The Coming Interspiritual Age
(Vancouver, BC: Namasté Publishing, 2012)
During the 1945-1990 Cold War, secular ideological confrontations and inter-State conflicts were seen as most dangerous threats against peace and security. Since the end of the Cold War, the world has been going through a series of interrelated intra-State conflicts in which religion has been a factor, as we see currently in the Muslim-Christian divide in the Central African Republic or the Muslim-Buddhist divide in Myanmar (Burma).
While these two conflicts are not really over theological issues, religious differences are a shorthand definition whereas ethnic, class, migration and geographic differences may be harder or at least longer to explain.
Thus inter-religious or inter-faith study, dialogue, and cooperation take on a worldwide importance. There have been and continue to be organizations, conferences and movements that have focused on such inter-faith efforts. Some have been high level efforts directly sponsored by the leadership of religious bodies such as SODOPAX, a working group of the Vatican and the World Council of Churches that worked for a number of years in Geneva. The World Conference on Religion and Peace, whose founding Secretary General, Homer Jack, an active FOR member, was created to be a multi-religious effort to promote disarmament and conflict resolution. (The organization has now changed its name to Religions for Peace.) The Parliament of the World's Religions and the United Religious Initiative work along the same lines.
The term interspirituality was coined in 1999 by Brother Wayne Teasdale, a Roman Catholic lay monk who had the little-used status of 'hermit' and a pioneer interfaith participant. He is the central figure of this study. For him, interspirituality was a trend emerging from within the world's religions as the result of the inner exploration of contemplatives and mystics who draw on the commonality embedded in the world's Wisdom Traditions. Brother Teasdale sets out his views in The Mystic Heart (Novato, CA: New World Library, 1999). He was deeply influenced by Catholic priests who had lived in India such as Bede Griffiths and Henri le Saux who had studied Hinduism and developed Christian ashrams where members followed a life style large patterned on Hindu sannyasa (those who renounce the world). Teasdale also drew on the writings and example of Pierre Teilhard de Chardin, a French Jesuit whose views fell outside the accepted dogmatic patterns of his day. Teilard's religious writings such as The Phenomenon of Man (New York; Harper Perennial, 1959) were only published after his death in 1955. Brother Teasdale also draws on the work of Thomas Merton, a Catholic monk who late in life became interested in Asian thought, in particular the Zen school of Buddhism.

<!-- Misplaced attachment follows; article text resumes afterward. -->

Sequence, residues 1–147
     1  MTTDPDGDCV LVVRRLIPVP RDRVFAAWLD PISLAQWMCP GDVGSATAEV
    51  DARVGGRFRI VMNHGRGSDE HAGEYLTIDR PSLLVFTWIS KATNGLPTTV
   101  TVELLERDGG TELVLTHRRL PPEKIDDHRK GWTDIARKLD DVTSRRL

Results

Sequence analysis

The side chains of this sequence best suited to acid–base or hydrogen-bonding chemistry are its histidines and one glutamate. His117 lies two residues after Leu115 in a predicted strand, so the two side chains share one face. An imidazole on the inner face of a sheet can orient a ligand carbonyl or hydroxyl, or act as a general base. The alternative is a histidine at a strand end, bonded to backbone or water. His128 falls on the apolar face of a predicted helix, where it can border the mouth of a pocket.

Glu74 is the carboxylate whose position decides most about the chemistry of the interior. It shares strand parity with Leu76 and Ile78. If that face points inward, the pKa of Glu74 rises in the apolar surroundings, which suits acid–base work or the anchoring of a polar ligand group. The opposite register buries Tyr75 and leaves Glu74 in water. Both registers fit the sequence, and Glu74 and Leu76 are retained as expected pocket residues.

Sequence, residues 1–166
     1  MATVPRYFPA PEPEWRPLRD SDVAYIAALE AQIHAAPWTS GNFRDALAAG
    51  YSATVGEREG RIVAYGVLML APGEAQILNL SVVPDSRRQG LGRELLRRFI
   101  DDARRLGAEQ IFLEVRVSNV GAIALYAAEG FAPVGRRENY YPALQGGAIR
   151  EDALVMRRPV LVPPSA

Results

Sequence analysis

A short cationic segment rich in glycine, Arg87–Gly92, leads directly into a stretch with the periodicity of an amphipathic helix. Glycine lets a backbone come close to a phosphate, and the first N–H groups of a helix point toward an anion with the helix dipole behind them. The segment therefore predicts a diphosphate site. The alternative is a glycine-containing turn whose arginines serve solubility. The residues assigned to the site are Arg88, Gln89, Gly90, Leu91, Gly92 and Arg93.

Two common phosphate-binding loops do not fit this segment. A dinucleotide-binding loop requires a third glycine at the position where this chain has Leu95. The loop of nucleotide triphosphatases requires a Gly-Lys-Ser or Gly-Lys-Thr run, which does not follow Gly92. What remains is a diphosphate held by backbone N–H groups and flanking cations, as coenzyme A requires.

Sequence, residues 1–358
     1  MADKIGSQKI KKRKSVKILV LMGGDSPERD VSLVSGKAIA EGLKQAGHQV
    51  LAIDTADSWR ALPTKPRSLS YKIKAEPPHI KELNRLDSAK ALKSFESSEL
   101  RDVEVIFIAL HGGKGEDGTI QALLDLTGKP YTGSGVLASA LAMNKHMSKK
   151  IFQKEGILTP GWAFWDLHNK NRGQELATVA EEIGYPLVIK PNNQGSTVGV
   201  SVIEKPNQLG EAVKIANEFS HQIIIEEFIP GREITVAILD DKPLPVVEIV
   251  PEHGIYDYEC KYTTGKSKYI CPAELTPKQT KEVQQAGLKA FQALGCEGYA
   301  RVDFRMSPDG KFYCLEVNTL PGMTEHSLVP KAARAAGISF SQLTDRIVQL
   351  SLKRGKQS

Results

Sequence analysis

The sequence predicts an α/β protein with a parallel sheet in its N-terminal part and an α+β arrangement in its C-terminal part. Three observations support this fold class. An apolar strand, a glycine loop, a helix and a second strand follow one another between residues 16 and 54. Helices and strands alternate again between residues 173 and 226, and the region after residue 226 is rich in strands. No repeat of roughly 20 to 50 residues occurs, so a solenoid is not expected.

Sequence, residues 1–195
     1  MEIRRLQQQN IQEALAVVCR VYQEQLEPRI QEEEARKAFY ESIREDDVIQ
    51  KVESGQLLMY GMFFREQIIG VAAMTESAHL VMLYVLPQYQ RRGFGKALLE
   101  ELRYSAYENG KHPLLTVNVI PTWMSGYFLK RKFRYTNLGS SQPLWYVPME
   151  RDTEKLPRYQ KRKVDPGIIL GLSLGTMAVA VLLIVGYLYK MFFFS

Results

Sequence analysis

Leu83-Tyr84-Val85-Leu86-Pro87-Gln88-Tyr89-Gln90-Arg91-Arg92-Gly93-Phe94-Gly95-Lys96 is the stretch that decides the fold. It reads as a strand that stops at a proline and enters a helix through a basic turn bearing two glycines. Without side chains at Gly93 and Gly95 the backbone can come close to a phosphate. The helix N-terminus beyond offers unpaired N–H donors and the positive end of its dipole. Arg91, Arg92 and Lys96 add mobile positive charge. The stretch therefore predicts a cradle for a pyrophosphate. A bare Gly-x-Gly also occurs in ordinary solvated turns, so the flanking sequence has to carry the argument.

Interspirituality is part of a broad trend; as Johnson and Ord point out With the advent of international communication systems, we have become acutely aware not only of the startling diversity in the views of the citizenries of individual nations, but also of striking similarities among citizens across all kinds of national and ethnic boundaries. This reflects a world in transition from ethnocentric identities to a world-centric identity.
They go on to stress the importance of direct spiritual experience, often through meditation. Individuals who experience a profound consciousness of unity don't have trouble recognizing a common core in experience, whereas individuals who look through a culturally influenced intellectual framework often don't recognize the inherent unity and even argue against it.
They cite Edward Bastian Interspiritual Meditation (Charleston, SC: Create Space, 2010) on meditation techniques and guided meditations which can be used in interfaith or interspiritual settings.
Others, on the edges of Catholic thought are also part of this current: Mathew Fox The Coming of the Cosmic Christ(New York: Harper, 1988), Hans Kung's writings and Raimon Panikhar The Unknown Christ of Hinduism (Maryknoll, NY: Orbis Books, 1981).
There is an analysis of the contributions of those outside of church structures, in particular Ken Wilber and his 'integral ' approach Integral Spirituality (Boston: Shambhala, 2007), Abraham Maslow Toward a Psychology of Being (New York: Wiley, 1998) and Eckhart Tolle A New Earth (New York: Dutton, 2005).
The writings and lectures of Mircea Eliade, Joseph Campbell, and Alan Watts are credited for creating the sort of open atmosphere and interest in the role of myths which allowed an interspirituality approach to become part of an intellectual mainstream. As I was a student of Mircea Eliade the first year he came to the University of Chicago (1957), I have followed his approach to religious studies.
Too much is packed into this book. I am not sure that we need an outline of through from the Bronze Age to the present. The thread of the argument gets lost in the details. Nevertheless the book is a good overview of significant thinkers. I fear that few of them are read in the tension-filled frontier of Myanmar and Bangladesh. Our task is to see how a spirit of respect for the spiritual life of others can spread.